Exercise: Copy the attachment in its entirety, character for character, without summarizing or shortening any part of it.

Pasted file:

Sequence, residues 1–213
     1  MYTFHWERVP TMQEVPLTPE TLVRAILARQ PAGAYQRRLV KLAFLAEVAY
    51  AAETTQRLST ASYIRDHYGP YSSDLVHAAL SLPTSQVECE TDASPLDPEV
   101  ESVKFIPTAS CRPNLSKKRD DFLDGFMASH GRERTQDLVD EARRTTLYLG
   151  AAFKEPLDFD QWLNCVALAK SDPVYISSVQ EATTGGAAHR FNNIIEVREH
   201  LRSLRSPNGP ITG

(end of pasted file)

Sequence, residues 1–213
     1  MYTFHWERVP TMQEVPLTPE TLVRAILARQ PAGAYQRRLV KLAFLAEVAY
    51  AAETTQRLST ASYIRDHYGP YSSDLVHAAL SLPTSQVECE TDASPLDPEV
   101  ESVKFIPTAS CRPNLSKKRD DFLDGFMASH GRERTQDLVD EARRTTLYLG
   151  AAFKEPLDFD QWLNCVALAK SDPVYISSVQ EATTGGAAHR FNNIIEVREH
   201  LRSLRSPNGP ITG